The painting is notable for its artistic composition. General Washington is emphasized by an unnaturally bright sky, while his face catches the upcoming sun. The colors consist of mostly dark tones, as is to be expected at dawn, but there are red highlights repeated throughout the painting. Foreshortening, perspective and the distant boats all lend depth to the painting and emphasize the boat carrying Washington.
The people in the boat represent a cross-section of the American colonies, including a man in a Scottish bonnet and a man of African descent facing backward next to each other in the front, western riflemen at the bow and stern, two farmers in broad-brimmed hats near the back (one with bandaged head), and an androgynous rower in a red shirt, possibly meant to be a woman in man's clothing. There is also a man at the back of the boat wearing what appears to be Native American garb to represent the idea that all people in the new United States of America were represented as present in the boat along with Washington on his way to victory and success.
According to the 1853 exhibition catalogue, the man standing next to Washington and holding the flag is Lieutenant James Monroe, future President of the United States, and the man leaning over the side is General Nathanael Greene. Also, General Edward Hand is shown seated and holding his hat within the vessel.
The Death of Socrates
The Death of Socrates (French: La Mort de Socrate) is an oil on canvas painted by French painter Jacques-Louis David in 1787. The painting focuses on a classical subject like many of his works from that decade, in this case the story of the execution of Socrates as told by Plato in his Phaedo. In this story, Socrates has been convicted of corrupting the youth of Athens and introducing strange gods, and has been sentenced to die by drinking poison hemlock. Socrates uses his death as a final lesson for his pupils rather than fleeing when the opportunity arises, and faces it calmly. The Phaedo depicts the death of Socrates and is also Plato's fourth and last dialogue to detail the philosopher's final days, which is also detailed in Euthyphro, Apology, and Crito.
In the painting, an old man in a white robe sits upright on a bed, one hand extended over a cup, the other gesturing in the air. He is surrounded by other men of varying ages, most showing emotional distress, unlike the stoic old man. The young man handing him the cup looks the other way, with his face in his free hand. Another young man clutches the thigh of the old man. An elderly man sits at the end of the bed, slumped over and looking in his lap. To the left, other men are seen through an arch set in the background wall.
Ugolino and His Sons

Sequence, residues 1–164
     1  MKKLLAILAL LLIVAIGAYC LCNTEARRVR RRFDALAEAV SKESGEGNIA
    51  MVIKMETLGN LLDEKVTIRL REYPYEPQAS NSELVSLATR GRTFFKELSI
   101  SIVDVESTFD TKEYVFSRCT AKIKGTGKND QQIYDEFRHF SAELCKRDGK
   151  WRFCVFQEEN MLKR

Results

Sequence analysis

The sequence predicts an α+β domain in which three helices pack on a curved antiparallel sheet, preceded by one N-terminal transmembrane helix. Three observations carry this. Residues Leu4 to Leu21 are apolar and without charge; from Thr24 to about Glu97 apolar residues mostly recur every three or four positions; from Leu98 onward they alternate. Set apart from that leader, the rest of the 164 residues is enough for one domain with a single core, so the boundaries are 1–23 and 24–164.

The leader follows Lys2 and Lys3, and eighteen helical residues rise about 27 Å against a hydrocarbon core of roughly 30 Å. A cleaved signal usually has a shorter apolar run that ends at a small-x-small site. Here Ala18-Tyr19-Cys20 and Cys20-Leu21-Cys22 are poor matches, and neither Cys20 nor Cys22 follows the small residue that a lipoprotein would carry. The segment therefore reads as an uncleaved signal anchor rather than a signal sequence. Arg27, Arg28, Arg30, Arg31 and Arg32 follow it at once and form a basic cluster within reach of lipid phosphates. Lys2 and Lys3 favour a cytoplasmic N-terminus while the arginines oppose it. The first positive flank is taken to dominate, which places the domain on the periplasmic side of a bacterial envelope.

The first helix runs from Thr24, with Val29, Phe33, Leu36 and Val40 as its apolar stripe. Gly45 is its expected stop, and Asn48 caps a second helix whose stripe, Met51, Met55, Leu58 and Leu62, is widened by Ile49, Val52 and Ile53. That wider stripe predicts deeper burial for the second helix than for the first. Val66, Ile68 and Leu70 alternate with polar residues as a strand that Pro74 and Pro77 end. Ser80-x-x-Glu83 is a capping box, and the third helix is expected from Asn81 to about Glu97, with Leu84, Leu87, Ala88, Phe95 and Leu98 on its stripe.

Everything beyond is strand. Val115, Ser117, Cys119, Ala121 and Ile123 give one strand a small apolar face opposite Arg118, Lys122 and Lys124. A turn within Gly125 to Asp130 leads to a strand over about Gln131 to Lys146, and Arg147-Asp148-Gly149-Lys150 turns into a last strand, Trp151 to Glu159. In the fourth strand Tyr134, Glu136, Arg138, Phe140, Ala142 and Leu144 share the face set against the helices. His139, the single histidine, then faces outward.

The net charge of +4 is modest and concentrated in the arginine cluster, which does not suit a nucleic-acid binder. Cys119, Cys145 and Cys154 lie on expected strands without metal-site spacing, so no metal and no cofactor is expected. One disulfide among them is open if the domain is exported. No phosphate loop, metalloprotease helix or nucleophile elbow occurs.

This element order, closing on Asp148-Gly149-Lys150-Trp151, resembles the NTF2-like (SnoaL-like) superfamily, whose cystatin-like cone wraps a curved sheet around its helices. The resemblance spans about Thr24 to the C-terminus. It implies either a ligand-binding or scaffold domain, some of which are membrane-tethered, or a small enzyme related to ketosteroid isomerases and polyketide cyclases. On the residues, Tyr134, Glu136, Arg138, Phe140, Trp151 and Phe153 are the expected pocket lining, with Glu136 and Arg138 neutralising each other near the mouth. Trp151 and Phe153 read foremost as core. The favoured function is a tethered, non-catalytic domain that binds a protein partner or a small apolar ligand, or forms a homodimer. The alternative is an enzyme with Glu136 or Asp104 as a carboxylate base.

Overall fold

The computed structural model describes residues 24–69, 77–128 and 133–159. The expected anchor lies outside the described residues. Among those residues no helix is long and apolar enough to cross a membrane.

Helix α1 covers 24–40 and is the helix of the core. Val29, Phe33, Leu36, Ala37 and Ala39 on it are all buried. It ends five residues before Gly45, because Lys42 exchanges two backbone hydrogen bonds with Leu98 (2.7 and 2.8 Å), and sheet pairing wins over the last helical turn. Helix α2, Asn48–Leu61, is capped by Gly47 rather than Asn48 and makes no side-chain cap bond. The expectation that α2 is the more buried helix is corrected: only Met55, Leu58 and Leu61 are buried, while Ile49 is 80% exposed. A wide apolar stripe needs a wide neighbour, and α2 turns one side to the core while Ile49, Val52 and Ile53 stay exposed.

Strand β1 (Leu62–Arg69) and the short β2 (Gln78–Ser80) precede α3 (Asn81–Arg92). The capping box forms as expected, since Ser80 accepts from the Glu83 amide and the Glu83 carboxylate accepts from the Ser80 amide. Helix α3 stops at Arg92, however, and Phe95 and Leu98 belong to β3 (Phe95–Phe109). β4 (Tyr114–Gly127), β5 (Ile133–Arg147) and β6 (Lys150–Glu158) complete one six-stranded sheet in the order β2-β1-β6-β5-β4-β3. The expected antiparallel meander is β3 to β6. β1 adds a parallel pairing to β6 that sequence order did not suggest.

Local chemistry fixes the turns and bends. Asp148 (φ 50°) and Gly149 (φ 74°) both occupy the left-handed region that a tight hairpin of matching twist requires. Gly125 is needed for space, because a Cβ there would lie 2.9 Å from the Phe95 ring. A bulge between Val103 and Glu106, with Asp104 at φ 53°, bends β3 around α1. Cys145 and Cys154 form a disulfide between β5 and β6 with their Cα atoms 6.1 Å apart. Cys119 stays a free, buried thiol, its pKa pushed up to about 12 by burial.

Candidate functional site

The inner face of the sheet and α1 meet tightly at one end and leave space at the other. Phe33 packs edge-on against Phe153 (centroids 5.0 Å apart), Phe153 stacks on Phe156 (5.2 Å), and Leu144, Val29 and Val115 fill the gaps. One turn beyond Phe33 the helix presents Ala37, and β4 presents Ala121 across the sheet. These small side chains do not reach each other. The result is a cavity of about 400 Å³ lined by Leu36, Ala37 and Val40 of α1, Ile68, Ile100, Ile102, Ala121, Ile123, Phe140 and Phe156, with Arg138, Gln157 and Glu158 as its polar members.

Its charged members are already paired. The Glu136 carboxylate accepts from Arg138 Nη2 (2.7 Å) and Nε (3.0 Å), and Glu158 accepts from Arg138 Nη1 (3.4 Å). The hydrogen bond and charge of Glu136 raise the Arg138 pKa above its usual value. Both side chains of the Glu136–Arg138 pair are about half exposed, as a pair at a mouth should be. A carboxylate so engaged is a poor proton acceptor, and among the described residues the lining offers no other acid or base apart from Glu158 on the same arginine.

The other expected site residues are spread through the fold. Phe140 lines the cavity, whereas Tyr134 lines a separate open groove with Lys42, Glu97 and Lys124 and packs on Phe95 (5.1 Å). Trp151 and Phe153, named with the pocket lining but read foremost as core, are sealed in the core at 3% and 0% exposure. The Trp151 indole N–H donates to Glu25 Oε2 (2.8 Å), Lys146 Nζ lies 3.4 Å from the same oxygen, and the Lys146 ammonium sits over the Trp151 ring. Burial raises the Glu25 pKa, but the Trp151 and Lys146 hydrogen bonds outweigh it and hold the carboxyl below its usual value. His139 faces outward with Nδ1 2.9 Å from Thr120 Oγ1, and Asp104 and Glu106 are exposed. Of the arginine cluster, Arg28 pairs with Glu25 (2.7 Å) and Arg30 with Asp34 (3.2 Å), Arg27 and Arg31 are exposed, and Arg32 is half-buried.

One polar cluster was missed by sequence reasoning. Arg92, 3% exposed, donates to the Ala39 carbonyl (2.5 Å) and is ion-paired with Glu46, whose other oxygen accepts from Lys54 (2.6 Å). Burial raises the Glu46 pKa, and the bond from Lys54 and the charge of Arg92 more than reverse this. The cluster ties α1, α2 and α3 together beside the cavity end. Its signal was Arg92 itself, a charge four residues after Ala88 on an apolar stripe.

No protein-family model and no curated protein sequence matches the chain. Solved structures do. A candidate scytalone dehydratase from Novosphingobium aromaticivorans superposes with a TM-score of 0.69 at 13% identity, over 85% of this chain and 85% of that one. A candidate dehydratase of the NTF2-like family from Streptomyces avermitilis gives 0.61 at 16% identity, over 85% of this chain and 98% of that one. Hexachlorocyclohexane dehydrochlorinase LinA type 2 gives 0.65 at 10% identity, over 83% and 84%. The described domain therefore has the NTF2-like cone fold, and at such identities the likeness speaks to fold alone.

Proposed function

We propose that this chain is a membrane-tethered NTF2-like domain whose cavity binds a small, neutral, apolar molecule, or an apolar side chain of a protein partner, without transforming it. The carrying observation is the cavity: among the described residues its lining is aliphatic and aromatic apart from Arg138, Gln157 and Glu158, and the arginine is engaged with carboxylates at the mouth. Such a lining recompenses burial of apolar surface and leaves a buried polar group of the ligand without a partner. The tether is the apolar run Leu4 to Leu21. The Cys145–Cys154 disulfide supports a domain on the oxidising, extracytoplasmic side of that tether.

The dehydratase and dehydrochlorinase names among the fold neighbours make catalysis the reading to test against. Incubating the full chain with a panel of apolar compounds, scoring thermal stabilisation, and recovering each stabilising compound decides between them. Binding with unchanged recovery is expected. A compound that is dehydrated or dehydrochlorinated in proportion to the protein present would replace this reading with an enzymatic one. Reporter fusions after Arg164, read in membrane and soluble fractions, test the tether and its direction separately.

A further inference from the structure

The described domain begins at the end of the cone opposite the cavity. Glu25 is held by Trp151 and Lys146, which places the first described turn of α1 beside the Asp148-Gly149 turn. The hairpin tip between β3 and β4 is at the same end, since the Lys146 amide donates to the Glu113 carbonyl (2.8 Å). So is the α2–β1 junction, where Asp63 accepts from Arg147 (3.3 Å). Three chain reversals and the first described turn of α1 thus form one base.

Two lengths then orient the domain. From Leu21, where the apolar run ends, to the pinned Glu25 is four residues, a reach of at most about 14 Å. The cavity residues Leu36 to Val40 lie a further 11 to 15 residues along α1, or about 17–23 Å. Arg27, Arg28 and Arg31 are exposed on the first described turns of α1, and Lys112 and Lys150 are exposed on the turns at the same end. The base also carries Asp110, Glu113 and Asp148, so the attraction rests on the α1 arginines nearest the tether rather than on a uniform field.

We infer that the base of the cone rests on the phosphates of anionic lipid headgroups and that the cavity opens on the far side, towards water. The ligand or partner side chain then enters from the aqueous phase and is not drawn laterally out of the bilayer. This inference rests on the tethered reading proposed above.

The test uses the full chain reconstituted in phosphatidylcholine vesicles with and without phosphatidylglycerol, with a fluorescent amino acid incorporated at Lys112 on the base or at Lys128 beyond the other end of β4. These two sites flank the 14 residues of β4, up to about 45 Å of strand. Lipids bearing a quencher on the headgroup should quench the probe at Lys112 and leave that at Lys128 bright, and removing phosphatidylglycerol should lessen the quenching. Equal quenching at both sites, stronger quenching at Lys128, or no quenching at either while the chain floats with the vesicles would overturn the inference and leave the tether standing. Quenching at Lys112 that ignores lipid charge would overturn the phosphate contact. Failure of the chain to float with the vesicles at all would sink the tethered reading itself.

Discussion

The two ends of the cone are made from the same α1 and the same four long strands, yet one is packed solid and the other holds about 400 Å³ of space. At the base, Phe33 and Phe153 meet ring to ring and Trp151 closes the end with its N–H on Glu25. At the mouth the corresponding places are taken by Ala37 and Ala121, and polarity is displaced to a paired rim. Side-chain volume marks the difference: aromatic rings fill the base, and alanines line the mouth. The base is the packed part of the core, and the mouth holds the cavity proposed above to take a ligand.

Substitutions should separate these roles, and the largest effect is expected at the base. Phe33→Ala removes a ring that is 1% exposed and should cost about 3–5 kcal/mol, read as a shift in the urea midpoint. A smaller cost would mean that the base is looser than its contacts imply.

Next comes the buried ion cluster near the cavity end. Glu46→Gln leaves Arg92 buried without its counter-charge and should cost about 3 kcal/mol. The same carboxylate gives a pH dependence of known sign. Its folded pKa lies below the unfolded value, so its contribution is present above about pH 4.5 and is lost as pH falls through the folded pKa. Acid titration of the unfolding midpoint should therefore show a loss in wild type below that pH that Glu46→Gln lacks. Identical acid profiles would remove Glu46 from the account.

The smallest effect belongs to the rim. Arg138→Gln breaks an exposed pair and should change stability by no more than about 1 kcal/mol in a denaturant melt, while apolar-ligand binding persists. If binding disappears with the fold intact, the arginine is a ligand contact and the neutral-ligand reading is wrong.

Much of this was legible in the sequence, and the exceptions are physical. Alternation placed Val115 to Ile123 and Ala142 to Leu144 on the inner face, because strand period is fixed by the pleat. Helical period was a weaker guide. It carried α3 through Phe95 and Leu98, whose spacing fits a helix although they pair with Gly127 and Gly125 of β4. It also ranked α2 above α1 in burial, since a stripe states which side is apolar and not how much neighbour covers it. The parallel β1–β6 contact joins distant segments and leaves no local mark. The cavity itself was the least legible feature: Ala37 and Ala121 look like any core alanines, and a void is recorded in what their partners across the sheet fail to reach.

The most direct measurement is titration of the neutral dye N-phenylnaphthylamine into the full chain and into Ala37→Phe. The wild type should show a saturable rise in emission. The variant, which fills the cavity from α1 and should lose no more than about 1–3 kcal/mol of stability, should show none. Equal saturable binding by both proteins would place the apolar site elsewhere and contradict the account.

Ugolino and His Sons is a marble sculpture of Ugolino made by Jean-Baptiste Carpeaux in Paris during the 1860s. It depicts the story of Ugolino from Dante's Inferno in which the 13th century count is imprisoned and starving with his children. The work, known for its expressive detail, launched Carpeaux's career.
The work is a highly expressive depiction of Ugolino della Gherardesca from Canto XXXIII of Dante's Inferno. In the story, the Pisan count Ugolino is sentenced to die in a tower prison with his children and grandchildren. Carpeaux shows Ugolino at the moment where he considers cannibalism. The work is emblematic of the Romantic style's heightened physical and emotional states. Ugolino looks into the distance. His posture ignores the four children that cling to his body as if he were unaware they were there—the youngest is curled at his feet and possibly dead. In the source text, Ugolino grieves the agonizing death of his children and whether he eats his children's flesh is unclear to the reader, as it is in the sculpture. Ugolino's body is muscular even though he is starving. Its style reflects the Vatican's Laocoön and His Sons.
Portrait of Madame X
Madame X or Portrait of Madame X is the title of a portrait painting by John Singer Sargent of a young socialite named Virginie Amélie Avegno Gautreau, wife of the French banker Pierre Gautreau. Madame X was painted not as a commission, but at the request of Sargent. It is a study in opposition. Sargent shows a woman posing in a black satin dress with jeweled straps, a dress that reveals and hides at the same time. The portrait is characterized by the pale flesh tone of the subject contrasted against a dark colored dress and background.
The scandal resulting from the painting's controversial reception at the Paris Salon of 1884 amounted to a temporary set-back to Sargent while in France, though it may have helped him later establish a successful career in Britain and America.